Alcoholic Steatosis in Different Strains of Rat: A Comparative Study
Author(s): Kamlesh K Bhopale, Shakuntala Kondraganti, Harshica Fernando, Paul J Boor, Bhupendra S Kaphalia, and GA Shakeel Ansari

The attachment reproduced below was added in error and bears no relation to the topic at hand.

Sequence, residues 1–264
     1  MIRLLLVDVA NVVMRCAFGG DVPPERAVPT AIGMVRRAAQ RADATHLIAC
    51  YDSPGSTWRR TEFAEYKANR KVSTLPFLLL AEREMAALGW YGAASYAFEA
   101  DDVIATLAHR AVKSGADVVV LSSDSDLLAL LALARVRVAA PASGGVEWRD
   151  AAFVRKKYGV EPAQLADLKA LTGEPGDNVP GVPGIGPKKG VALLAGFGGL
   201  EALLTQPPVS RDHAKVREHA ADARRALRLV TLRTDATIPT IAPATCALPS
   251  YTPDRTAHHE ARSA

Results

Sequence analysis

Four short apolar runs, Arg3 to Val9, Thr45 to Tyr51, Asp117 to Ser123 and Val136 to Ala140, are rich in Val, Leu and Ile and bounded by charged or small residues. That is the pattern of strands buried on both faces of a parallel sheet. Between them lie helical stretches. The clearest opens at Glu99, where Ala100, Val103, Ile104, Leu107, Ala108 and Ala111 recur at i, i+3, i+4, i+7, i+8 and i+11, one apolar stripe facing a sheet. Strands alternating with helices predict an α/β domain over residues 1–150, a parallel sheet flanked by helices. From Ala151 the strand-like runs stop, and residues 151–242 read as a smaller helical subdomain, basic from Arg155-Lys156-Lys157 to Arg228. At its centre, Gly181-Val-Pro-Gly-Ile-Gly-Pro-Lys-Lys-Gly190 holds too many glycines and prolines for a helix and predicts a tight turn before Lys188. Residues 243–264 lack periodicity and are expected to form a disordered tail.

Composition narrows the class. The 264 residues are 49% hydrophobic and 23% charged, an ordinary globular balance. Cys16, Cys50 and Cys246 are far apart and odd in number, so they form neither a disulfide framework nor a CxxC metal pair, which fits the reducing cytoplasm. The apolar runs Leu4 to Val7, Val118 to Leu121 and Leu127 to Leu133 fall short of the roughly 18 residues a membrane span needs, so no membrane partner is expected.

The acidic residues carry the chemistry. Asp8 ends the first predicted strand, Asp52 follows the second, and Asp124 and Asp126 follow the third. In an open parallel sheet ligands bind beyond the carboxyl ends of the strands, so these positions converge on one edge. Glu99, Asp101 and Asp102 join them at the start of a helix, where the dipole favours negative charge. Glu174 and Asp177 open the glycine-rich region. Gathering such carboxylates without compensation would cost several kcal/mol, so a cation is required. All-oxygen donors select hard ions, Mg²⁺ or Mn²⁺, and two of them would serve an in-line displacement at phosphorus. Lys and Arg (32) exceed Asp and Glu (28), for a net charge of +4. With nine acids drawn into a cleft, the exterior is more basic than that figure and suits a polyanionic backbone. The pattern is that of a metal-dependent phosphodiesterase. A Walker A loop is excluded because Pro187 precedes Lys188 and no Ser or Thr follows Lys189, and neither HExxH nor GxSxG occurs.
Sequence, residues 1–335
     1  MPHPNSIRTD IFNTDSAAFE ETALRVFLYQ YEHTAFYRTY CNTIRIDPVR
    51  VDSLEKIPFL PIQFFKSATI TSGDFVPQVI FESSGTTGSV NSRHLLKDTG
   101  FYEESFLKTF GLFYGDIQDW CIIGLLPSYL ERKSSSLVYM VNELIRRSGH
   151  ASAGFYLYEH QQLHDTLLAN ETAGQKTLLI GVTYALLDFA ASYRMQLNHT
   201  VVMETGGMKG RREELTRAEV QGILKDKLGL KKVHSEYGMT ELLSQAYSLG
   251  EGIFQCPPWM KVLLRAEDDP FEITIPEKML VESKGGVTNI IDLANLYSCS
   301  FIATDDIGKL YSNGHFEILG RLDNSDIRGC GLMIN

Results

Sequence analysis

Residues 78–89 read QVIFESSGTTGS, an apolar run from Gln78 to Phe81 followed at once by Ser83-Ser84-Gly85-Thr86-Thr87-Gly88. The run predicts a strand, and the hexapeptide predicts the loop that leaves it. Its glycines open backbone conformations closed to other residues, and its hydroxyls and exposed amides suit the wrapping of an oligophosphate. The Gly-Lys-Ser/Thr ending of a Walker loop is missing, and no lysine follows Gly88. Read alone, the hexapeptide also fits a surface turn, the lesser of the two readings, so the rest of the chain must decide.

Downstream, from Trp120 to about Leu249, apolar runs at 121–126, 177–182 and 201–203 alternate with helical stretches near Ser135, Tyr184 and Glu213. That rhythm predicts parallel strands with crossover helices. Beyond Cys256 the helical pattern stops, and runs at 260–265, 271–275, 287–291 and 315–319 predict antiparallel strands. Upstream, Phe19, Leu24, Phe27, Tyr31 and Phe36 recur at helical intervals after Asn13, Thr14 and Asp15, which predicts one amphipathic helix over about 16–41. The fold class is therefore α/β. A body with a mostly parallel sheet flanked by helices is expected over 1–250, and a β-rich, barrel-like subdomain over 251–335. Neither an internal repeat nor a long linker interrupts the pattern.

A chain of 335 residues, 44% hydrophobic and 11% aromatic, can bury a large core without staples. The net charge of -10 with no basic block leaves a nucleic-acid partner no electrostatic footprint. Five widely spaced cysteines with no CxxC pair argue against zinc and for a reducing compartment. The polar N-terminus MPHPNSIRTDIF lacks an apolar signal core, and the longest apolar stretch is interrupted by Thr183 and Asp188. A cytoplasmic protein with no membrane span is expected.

Background. Different strains of rats have been used to study alcoholic liver disease (ALD) while the reason for selecting a particular rat strain was not apparent. Purpose. The aim of our study was to compare outbred (Wistar) and inbred (Fischer) strains to evaluate pathological, biochemical changes, and gene expression differences associated with ethanol-induced early hepatic steatosis. Study Design. Male Wistar and Fischer-344 rats were pair-fed for 6 weeks with or without 5% ethanol in Lieber-DeCarli liquid diet. Livers were analyzed for histological and lipid-related differences. Results. Hepatic midzonal steatosis was mainly found in Wistar rats while Fischer rats showed mostly pericentral steatosis. Increased hepatic steatosis in ethanol-fed Wistar rats is supported by increases in lipids with related genes and transcription factors involved in fatty acid and triglyceride synthesis. Conclusion. Our data showed that Fischer rats are relatively less prone to ethanol-mediated steatosis with pericentral lipid deposition pattern in the liver which is similar to humans and show no trace level of lipid accumulation in pair-fed controls as observed in Wistar (outbred) strain. Therefore, Fischer rats are better suited for lipid studies in an early development of ALD.